Running a marathon (again, only in shorts) above the Arctic circle:
Sitting in freezing water:
Setting the record for ice immersion at 112 minutes:
He's also been the star of many different videos and promotional stunts. You can listen to him give an overview of his ideas in this video:
Basically, Hof argues that humans have coddled themselves through temperature-controlled houses and warm clothing and over the millennia lost the ability to harness the vital properties of cold. As we became more reliant on warming ourselves through technology, our bodies degenerated into being unable to heal themselves. Through controlled breathing and meditative exercises, Hof says he can open and ramp up his cardiovascular system to generate more than enough heat to stay warm. He claims this renders his body, and those who follow his training regimen, less susceptible to bacteria, viruses, cancers, and other causes of deteriorating health. It all starts with concentration on breathing, as he emphasizes to readers in the foreword to Scott Carney's book on the Wim Hof method: "It's time to bring Mother Nature's power back into our awareness. We are warriors seeking strength and happiness for everyone. Together we can regain what we've lost. In other words, there's nothing else to say other than 'Breathe, motherfuckers.'"
As interesting as Hof's method sounds, there are some deal-breakers that would keep me from practicing it. For instance, the earliest part of the training involves using only cold water during every shower as practice for your breathing. There are certain parameters I've established for my life and taking ice cold showers falls rather definitively outside those bounds. Yet, humans have been struggling to transcend the boundaries of nature and physiology throughout time. What is intriguing to me about Hof's method are the parallels between it and the techniques and supposed abilities of Indian yoga practitioners called siddhas ("perfected" ones). In contrast to popular perception, yoga is not about physical fitness or muscle tone; rather, it is an ancient meditative practice for attaining spiritual insight into the nature of ultimate reality. One of the treatises on yoga considered most authoritative, at least in the Hindu tradition, is the Yoga Sutra of Patanjali. According to that text, control of one's breath creates control of the body, which in turn garners control of the mind, and with control of the mind, one can begin to experience the true nature of one's soul and reality itself. Along the way, Patanjali says, one develops certain powers over the material world. For instance, quoting from Stoler-Miller's 1995 translation of the Yoga Sutra, the yogin "has knowledge of the thoughts of others" (64), "can become invisible," and by concentrating on the celestial spheres, has complete awareness of the movement of the moon and the disposition of all the stars (66). Yogins are also famed for displays of incredible stamina and strength, referred to in the texts as tapas ("heat") and sometimes ojas (which my Sanskrit teacher suggested was best translated as "supreme awesomeness").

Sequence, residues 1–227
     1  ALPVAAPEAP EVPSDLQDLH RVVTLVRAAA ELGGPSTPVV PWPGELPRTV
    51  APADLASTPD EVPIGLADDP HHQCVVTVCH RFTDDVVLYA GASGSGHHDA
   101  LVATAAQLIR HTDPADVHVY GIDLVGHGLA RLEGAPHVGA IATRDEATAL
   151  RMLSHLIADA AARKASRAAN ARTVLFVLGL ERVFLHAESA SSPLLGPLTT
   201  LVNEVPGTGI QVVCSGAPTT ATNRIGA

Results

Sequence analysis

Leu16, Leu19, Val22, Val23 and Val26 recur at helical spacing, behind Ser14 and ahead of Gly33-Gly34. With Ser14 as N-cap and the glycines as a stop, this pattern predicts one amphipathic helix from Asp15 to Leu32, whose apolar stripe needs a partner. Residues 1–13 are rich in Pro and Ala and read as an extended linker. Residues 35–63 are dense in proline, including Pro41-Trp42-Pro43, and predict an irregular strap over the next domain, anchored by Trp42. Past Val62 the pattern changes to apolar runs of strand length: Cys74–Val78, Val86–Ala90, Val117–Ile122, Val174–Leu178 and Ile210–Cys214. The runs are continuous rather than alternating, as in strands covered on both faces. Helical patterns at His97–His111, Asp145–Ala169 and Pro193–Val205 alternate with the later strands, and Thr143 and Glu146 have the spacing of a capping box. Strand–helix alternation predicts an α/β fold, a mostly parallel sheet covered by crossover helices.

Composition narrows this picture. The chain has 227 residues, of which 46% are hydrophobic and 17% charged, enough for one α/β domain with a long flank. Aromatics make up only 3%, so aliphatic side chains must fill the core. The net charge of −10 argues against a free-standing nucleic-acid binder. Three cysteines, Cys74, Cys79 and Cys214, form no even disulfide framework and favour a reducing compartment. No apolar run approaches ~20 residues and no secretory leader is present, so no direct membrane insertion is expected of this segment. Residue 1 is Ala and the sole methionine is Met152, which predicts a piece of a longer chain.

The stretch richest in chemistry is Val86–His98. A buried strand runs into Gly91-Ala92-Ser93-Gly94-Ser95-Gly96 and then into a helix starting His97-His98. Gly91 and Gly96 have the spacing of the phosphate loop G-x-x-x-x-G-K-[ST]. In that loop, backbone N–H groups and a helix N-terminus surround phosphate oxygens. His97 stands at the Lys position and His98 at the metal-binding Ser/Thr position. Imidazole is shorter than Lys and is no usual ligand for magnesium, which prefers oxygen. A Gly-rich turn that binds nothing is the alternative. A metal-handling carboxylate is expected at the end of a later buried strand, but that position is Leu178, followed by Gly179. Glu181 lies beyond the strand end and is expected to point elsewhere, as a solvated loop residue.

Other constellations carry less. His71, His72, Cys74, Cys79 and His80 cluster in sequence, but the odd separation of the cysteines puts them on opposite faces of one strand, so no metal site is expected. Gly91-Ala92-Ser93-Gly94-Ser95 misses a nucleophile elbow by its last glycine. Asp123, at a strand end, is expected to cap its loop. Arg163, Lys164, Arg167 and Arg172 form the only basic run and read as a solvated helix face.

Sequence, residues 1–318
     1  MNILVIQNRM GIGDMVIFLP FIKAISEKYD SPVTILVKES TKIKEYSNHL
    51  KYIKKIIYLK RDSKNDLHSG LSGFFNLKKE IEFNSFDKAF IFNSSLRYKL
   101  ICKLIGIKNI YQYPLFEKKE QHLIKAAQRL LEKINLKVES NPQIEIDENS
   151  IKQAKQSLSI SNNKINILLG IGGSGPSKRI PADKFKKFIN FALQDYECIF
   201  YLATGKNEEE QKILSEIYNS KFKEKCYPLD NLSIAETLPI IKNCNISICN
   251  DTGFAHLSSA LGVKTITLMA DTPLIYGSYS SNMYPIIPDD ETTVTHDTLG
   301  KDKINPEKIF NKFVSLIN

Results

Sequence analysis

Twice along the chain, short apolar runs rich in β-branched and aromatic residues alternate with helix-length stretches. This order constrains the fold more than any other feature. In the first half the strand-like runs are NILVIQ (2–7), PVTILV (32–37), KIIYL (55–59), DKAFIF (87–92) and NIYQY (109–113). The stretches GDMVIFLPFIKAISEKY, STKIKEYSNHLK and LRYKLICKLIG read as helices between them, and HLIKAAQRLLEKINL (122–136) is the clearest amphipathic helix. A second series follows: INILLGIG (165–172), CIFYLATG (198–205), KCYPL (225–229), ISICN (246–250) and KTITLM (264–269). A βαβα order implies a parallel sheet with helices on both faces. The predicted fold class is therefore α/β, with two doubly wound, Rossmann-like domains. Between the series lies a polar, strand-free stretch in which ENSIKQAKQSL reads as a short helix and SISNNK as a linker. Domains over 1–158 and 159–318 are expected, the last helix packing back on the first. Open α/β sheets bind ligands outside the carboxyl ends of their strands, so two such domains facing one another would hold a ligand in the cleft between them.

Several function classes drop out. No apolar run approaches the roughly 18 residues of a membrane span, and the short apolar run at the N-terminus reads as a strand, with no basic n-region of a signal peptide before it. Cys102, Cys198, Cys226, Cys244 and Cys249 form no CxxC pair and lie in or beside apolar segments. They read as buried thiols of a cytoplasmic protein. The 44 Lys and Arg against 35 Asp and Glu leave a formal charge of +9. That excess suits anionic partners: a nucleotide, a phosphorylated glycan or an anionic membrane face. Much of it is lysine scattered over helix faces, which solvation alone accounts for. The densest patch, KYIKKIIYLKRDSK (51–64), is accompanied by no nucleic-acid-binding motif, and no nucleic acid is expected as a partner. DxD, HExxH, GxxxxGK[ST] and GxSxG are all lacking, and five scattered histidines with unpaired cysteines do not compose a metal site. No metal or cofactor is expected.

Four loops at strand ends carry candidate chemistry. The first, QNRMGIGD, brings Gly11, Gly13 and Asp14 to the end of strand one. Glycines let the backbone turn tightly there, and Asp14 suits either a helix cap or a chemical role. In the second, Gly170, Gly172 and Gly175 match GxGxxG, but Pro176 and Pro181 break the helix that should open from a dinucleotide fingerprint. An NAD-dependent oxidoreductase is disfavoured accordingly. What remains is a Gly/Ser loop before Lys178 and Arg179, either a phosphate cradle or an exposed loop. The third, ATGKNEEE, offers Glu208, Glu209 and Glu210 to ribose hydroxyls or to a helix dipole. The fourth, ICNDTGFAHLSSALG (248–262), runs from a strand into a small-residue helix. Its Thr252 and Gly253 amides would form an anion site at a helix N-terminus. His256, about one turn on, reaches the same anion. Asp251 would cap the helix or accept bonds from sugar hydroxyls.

Given our discussion of Hof's techniques above, it is interesting to note the presence of stamina and, especially, heat in the description of the powers of the yogin. Hof has described reading Eliade's Yoga: Immortality and Freedom and incorporating Tibetan tummo meditation into his method, so the similarity between his practice and the power of the yogin are not altogether surprising. It is worthwhile to point out, though, that Patanjali has a cautionary perspective on such abilities: "If they become a distraction these powers of perfection are impediments to pure contemplation" (68). One wonders if Patanjali would thus take issue with Hof's use of yoga-inspired practices.
While Hof's writings were driving me to look through the Yoga Sutra again and reacquaint myself with yogic powers, serendipity created another bend in this stream of thought. As I reread Patanjali, the trailer for Avengers: Infinity War came out:
With the Yoga Sutra in front of me, a hitherto unappreciated connection occurred. The six Infinity Stones in Marvel lore allow their owner to control (respectively) Space, Time, Power, Mind, Soul, and Reality. The articulation of yogic powers reads eerily like a recitation of the same areas: the yogin can master knowledge of the moon and stars (Space), ceases the turnings of thought and reads the thoughts of others (Mind), can see the future and access past lives (Time), gains insight into the indestructible Self (Soul), performs feats of strength (Power), and grasps the ultimate nature of the universe (Reality). Thanos, the character in the comics and the film who attempts to collect all of the stones and thus achieve supremacy over the universe, is often called the "mad titan." Does the connection to yoga lore make him more of a "mad yogin?"
Interestingly, the plot of the original Infinity Gauntlet series is quite similar to many Hindu myths: a demon uses yogic practice to acquire seemingly insurmountable power and overthrows the gods, who must resort to often unconventional stratagems to defeat him and restore cosmic balance. (See, for instance, the stories of Ravana, Hiranyakshipu, and Taraka.) In the Infinity story, the Avengers and other Marvel heroes would take the place of the deposed gods who must overcome the demon. Jim Starlin, the original author of the Infinity comics, was known for introducing religious themes into his work, so I wonder if he might have come across Hindu and yogic lore somewhere and adapted it into his own comic narratives. You can be certain I'm waiting anxiously for the film to see how this and other comparative religion elements are treated.
So, that's this time's stream of consciousness post - from Dutch yogins to mad Marvel titans. Until the next time, take care.